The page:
Tumbling down to the jade waters below, the rugged hills around Lake Turkana in northern Kenya are made of boulders and lava stone.
This is a remote, lunar landscape and the site of what will one day be Africa’s largest wind farm.
A consortium of European and African companies is preparing to put up 365 wind turbines in a 165km2 stretch of this desolate area inhabited only by semi-nomadic pastoralist herders.
As yet, there is little sign of the project. The hills appear untouched by humans, except for nine masts set up to measure the wind that surges between the Kulal and Nyiro mountains.
This wind, which rises over Lake Turkana before dying out over the Sahara, blows at an average speed of 11m per second and is a dream for any engineer working in wind energy.
“In Turkana, the wind speed and also the consistency provides for optimum conditions for wind power — in fact they are better than North Sea offshore wind power,” said Achim Steiner, executive director of the Nairobi-based UN Environment Programme.
“Here you can produce wind power at an interesting cost, without subsidies,” unlike the case in Europe, said Carlo Van Wageningen, chairman of the Lake Turkana Wind Power (LTWP) consortium.
LTWP has entered into a contract to sell the power produced to utility firm Kenya Power over 20 years at a cost of 0.0752 euros (US$0.09) per kilowatt-hour (kWh), a much lower price than that paid for the hydroelectric power mainly used today.
If everything turns out well, the Turkana project will be a poster child for sustainable development — the notion that growth can be clean and improve life for the poor. Green groups, businesses and politicians are heading to Rio de Janeiro this month to give the doctrine a push, culminating with a UN summit on June 20 to June 22.
The project all started when a Dutchman had to continually struggle to stop his tent getting blown away by the wind during a camping trip to Turkana.
He recounted the experience to a compatriot who specialized in wind energy — and so set the ball rolling on seven years of studies, financial negotiations and setbacks. The financial backing is now secured, with only risk guarantees from the World Bank lending agencies Ida and Miga remaining to be finalized.
Once the green light is given on those, potentially by August, then work can begin.
“All the contracts are in place. We’re ready to start,” Van Wageningen said.
The first step would be to build 204km of road to allow trucks to make the 12,000 round-trips needed to deliver all the necessary materials from Mombasa at one end of the country to Turkana at the other. The turbines would be erected in one year, at the rate of one per day, and the first kilowatts of electricity should be delivered to the grid by the end of next year.
By the time it reaches its full capacity, penciled in for the end of 2014, the site will produce 300MW of electricity.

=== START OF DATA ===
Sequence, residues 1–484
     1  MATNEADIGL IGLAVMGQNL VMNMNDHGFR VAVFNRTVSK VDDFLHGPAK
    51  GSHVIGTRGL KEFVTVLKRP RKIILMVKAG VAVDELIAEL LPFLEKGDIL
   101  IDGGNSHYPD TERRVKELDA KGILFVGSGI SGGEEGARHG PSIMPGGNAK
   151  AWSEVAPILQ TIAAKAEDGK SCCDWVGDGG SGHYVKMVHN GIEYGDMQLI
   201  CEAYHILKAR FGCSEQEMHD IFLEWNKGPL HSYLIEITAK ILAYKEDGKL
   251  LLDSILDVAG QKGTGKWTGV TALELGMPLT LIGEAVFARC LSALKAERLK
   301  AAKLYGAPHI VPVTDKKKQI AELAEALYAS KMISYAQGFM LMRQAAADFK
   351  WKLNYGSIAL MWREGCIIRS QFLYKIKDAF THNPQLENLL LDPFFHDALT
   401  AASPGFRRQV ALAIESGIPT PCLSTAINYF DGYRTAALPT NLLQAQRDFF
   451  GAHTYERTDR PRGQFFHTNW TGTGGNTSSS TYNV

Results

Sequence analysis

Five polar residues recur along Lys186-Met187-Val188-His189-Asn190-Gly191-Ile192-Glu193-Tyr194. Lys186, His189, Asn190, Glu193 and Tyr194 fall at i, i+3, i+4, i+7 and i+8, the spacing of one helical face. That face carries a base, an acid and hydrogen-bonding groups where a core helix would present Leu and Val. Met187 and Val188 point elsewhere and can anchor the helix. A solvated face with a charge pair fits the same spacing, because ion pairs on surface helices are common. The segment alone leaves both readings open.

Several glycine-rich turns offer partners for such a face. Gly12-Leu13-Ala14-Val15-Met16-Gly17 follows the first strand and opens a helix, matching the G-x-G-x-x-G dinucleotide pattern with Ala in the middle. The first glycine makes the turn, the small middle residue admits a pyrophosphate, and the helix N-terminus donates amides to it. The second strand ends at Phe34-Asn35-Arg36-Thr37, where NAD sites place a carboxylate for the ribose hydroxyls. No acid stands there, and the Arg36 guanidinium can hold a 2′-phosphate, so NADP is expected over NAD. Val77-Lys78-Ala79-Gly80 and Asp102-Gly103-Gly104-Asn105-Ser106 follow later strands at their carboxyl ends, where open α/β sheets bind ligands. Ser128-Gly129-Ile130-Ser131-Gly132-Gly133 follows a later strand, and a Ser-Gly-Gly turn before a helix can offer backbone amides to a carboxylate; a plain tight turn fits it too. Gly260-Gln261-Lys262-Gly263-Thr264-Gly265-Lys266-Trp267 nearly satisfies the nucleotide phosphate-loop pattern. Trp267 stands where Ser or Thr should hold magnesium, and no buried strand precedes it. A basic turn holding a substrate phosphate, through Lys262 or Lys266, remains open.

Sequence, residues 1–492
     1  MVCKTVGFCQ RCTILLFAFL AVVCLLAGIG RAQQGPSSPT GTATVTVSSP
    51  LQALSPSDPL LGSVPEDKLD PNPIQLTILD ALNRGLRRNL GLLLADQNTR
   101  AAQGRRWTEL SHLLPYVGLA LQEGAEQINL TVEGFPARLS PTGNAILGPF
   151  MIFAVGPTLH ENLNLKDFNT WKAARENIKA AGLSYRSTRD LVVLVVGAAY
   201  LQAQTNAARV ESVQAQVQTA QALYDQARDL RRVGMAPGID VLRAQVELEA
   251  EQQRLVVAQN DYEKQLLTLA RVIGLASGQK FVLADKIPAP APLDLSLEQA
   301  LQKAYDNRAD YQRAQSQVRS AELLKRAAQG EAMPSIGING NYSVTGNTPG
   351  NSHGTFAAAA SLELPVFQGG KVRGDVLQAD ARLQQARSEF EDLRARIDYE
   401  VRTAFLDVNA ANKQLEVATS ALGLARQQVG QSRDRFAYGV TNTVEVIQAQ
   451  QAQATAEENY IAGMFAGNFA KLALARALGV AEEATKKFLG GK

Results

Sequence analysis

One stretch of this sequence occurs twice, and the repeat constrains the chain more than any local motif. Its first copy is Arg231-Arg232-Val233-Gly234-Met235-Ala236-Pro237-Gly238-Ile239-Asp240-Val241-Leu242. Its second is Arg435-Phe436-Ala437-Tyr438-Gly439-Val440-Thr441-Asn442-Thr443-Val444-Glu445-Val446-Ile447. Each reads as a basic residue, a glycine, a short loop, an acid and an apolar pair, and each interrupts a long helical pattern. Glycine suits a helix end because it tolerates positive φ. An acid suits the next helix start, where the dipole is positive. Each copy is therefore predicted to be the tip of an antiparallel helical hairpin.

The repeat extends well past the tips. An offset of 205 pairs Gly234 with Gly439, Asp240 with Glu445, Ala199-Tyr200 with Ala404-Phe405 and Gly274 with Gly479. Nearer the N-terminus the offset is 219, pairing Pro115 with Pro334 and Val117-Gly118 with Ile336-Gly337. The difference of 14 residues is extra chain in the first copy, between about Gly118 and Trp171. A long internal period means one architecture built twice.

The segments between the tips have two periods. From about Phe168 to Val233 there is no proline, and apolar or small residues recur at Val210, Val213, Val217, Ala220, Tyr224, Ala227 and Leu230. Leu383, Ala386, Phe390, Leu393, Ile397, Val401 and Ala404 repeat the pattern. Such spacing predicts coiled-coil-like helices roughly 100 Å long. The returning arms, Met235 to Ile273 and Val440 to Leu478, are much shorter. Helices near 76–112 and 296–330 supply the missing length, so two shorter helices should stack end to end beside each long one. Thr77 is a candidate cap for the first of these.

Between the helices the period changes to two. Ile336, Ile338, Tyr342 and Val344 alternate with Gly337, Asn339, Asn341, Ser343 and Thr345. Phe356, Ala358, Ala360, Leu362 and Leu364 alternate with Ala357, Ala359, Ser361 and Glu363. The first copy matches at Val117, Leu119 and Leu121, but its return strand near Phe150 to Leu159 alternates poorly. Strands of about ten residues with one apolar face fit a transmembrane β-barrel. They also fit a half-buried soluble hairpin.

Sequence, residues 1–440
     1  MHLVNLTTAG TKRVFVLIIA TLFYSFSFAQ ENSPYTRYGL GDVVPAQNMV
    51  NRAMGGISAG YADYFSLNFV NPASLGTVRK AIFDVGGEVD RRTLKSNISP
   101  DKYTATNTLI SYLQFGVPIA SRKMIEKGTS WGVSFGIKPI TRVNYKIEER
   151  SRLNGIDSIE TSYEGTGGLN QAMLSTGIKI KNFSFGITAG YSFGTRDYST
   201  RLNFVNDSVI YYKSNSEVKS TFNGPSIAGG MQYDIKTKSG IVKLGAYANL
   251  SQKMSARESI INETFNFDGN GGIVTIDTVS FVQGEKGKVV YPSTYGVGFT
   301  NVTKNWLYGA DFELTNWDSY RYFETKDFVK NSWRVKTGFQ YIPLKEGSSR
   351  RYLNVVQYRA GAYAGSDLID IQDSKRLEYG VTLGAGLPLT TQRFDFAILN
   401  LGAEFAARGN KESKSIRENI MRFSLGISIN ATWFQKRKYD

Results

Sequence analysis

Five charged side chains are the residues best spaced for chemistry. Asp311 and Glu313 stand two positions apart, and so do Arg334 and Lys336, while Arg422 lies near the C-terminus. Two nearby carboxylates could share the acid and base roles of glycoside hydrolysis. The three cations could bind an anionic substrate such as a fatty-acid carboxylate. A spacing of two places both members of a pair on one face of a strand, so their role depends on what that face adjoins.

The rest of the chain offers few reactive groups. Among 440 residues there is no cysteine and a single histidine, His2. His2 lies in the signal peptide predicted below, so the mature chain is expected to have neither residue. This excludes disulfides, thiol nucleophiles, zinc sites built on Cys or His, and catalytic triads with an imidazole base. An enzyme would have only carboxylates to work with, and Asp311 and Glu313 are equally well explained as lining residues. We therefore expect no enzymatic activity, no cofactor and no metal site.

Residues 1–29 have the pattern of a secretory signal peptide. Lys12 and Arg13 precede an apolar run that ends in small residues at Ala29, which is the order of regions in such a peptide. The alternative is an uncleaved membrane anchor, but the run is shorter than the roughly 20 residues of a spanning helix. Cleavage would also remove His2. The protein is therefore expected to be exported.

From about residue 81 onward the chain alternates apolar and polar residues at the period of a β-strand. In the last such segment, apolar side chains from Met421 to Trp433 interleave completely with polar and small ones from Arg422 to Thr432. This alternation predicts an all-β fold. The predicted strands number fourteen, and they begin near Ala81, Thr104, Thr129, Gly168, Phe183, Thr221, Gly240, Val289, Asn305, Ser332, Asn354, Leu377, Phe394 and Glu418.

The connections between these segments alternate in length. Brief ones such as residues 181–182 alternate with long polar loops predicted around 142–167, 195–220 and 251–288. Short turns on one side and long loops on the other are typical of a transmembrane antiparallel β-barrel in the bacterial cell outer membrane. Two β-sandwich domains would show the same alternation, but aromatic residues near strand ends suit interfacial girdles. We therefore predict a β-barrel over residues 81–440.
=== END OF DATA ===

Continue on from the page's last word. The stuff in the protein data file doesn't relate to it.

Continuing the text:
“We will represent about 20 percent of the national electricity production,” LTWP director Chris Staubo said.
The project will cost 585 million euros, plus an additional 142 million euros needed to build 428km of high-tension power lines linking the wind farm with the country’s main power transformer at Suswa.
The African Development Bank is the lead arranger behind a loan covering 70 percent of the enterprise.
The Turkana project is dramatically more ambitious than Africa’s current largest wind farm, located at Melloussa in Morocco with 165 turbines and a capacity of 140MW.
“Kenya is in the midst of pioneering the largest wind power project in Africa and I think, embedded in a green policy of national development,” Steiner said.
“It demonstrates precisely that there is an enormous potential for green energy to succeed in Africa and indeed these projects need to be supported because they break new ground,” he added.
The arrival of the 48m tall wind turbines will radically change the lives of 528 pastoralists — from the Turkana, Samburu, Rendille, Gabra and El Molo tribes — who are still without electricity, running water, telephones, television and even money, relying instead on bartering goods.
LTWP has promised them a 20-year development plan of approximately 1.5 million euros each year. However, they will first temporarily have to shift their village of Sirima to clear the way for the future supply road.
Despite this, local lawmaker Joseph Lekuton said that he was “100 percent with” the project “since the beginning and until the end.”
“The animals will graze where they used to graze,” he said, pointing out that the wind farm would not be fenced off.
For village elder Simon Ekitoe “there will be some good things and some less good things.”
He fears that the arrival of outsiders will bring “new diseases, forced marriages” and that “the women in the village will spurn their traditional dress.”
However, for grandmother Agnes Ngare, with dozens of rings of red beads around her neck and metal earrings dangling from her ears, there is not so much to be worried about.
“I dream that my children and grandchildren will go to school and be able to choose how they want to live their lives,” she said.
“If electricity arrives, that would change my life as I could listen to radio, have a mobile phone and watch television,” she laughed.